Paradise Lost is NTU CCA Singapore’s inaugural exhibition, curated by Ute Meta Bauer (Founding Director) and Anca Rujoiu (Curator for Exhibitions). Conceived as a constellation of three artistic productions that together explore narratives of travel and migration, place and displacement, the personal intertwined with colonial history, Paradise Lost introduces an imaginary Asia — Asia as a space of projections and desires stemming from an experience of dislocation and asynchronicity.
The exhibition juxtaposed trans-generational perspectives, bringing together three major installations of moving image: Surname Viet Given Name Nam (1989) by Trinh T. Minh-ha, Yellow Patch (2011) by Zarina Bhimji and Disorient (2009) by Fiona Tan.
While all three artists are of Asian descent, their education and artistic practice unfolded in Europe and the U.S., gaining international exposure from there. Paradise Lost marked the first time these works were shown in Asia in an exhibition context.
The forum will focus on commissioned projects by artists engaging with the archives. Each curatorial presentation will provide a close overview of the production process.
Ann Demeester is currently the Director of Frans Hals Museum. She was appointed manager of Art and Urban Development for Amsterdam City Council, co-curated the 10th Baltic Triennial (2009) and was previously the Director of De Appel Arts Centre and W139, Amsterdam.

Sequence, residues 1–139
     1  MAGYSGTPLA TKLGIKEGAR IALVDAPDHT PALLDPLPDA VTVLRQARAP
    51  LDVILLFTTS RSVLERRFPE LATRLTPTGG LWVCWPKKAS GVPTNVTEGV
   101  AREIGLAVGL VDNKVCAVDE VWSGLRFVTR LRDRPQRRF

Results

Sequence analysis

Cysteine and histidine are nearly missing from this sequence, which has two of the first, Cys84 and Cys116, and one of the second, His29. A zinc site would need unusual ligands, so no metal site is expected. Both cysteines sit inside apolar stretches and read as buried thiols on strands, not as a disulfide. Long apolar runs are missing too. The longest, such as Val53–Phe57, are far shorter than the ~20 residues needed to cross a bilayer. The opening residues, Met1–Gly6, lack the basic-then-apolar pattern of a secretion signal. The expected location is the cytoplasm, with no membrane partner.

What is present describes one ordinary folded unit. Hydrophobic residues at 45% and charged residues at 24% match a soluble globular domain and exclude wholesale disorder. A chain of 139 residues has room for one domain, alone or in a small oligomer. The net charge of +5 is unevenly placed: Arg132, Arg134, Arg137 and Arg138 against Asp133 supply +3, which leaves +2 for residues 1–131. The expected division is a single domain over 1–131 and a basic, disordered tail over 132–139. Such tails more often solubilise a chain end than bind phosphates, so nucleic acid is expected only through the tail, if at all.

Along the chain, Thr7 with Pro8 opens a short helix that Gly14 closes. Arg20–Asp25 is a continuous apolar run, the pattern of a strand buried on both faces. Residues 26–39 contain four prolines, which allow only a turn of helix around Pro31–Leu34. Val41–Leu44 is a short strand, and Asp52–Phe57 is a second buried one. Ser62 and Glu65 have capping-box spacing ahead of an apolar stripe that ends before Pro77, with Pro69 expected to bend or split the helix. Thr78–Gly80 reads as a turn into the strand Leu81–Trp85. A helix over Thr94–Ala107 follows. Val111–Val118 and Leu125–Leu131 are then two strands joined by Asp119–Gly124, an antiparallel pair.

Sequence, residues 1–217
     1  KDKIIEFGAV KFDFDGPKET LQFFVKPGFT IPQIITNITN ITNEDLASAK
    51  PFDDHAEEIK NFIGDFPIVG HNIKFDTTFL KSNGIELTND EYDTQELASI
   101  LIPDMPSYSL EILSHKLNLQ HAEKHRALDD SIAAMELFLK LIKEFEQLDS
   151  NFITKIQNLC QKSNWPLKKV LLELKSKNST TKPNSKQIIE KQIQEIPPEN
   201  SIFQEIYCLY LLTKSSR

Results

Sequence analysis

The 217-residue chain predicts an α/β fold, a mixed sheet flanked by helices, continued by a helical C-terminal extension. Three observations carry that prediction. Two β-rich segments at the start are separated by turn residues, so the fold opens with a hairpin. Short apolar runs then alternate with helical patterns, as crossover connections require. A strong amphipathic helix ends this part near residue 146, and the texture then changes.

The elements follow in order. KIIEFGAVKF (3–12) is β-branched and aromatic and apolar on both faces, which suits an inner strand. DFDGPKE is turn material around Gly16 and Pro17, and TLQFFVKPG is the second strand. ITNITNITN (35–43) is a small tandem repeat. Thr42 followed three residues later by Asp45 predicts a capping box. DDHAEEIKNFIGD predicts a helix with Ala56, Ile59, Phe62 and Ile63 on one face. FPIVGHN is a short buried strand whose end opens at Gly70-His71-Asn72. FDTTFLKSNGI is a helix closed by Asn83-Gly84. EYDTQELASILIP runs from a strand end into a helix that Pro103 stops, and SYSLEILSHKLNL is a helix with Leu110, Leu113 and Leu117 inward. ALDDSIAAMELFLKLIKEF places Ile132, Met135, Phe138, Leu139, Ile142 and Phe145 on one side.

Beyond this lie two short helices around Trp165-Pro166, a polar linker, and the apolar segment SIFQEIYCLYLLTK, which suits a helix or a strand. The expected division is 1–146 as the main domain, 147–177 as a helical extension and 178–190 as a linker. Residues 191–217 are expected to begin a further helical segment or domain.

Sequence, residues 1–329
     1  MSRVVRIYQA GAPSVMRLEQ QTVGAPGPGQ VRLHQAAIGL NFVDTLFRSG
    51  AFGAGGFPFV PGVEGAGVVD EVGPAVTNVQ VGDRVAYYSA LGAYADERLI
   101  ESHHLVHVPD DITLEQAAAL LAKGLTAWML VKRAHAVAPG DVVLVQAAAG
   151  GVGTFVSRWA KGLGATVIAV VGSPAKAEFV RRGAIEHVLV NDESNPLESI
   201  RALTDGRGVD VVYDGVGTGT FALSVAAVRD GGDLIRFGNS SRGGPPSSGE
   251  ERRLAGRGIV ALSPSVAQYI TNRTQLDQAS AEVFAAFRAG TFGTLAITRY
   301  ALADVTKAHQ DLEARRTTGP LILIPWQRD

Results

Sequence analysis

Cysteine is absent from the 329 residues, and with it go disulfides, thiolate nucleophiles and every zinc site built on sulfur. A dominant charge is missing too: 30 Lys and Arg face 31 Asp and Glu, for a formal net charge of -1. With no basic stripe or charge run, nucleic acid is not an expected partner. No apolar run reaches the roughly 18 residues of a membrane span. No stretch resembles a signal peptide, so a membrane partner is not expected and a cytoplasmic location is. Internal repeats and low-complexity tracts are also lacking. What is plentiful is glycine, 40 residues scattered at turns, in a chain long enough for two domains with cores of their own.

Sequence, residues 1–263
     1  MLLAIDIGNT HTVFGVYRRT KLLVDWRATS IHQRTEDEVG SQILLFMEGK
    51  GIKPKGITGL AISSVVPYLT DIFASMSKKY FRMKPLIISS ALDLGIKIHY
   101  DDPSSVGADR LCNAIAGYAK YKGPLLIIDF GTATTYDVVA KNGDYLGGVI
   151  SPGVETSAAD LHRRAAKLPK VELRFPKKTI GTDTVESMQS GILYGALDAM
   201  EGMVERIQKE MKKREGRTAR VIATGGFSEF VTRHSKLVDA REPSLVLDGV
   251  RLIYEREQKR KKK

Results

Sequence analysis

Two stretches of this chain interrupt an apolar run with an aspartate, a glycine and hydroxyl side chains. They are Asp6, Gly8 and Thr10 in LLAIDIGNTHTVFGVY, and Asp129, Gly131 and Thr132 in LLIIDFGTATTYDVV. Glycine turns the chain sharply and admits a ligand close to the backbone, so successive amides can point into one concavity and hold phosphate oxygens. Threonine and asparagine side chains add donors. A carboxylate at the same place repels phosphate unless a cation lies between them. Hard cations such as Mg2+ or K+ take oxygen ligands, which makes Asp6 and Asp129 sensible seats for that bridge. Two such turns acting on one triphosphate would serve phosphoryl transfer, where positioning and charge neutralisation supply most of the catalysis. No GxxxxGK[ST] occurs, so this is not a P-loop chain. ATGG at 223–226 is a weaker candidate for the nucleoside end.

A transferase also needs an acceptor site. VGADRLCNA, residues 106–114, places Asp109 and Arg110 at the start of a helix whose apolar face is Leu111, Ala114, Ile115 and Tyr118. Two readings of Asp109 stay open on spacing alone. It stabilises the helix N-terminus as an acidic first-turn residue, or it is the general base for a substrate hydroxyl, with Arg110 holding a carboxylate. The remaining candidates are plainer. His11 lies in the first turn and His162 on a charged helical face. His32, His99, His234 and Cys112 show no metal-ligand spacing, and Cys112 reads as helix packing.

Mustafa Shabbir Hussain is Curator at the National Art Gallery of Singapore, where he researches on art from Singapore and Southeast Asia. He was formerly Curator at the National University of Singapore (NUS) Museum from 2007 till 2013.
The first curatorial tour of exhibition is an opportunity for the audience to engage directly with the curator of the show in conversation with the established writer and art critic, Lee Weng Choy.
Lee Weng Choy is the president of the Singapore Section of the International Association of Art Critics; he was a former artistic co-director of The Substation from 2000 to 2009. He has collaborated with NTU CCA Singapore on various projects. Lee has published widely on contemporary art, including contributions to the collections, Theory in Contemporary Art since 1985, and Modern and Contemporary Southeast Asian Art.
This tour will focus on aspects of exhibition construction, installation and the display of each work. Ho Tzu Nyen will explore the exhibition in the light of his artistic practice and engagement with moving image and cinema productions.
Ho Tzu Nyen makes films, videos and live performances related to historical and philosophical texts and artefacts. Recent group exhibitions include: No Country: Contemporary Art for South and Southeast Asia, Solomon R. Guggenheim Museum, New York (2013); No Soul for Sale, Tate Modern, London (2010), 5th Auckland Triennial, Auckland Art Gallery, New Zealand (2013) and the 6th Asia Pacific Triennial, Queensland Art Gallery, Brisbane, Australia (2009). He has also represented Singapore at the 54th Venice Biennale (2011).
Taking Trinh T. Minh-ha’s reflections on the nature and process of storytelling as a starting point, the reading group addresses the (assumed) boundaries between truth and fact, story and history and how these boundaries are challenged by the works in Paradise Lost.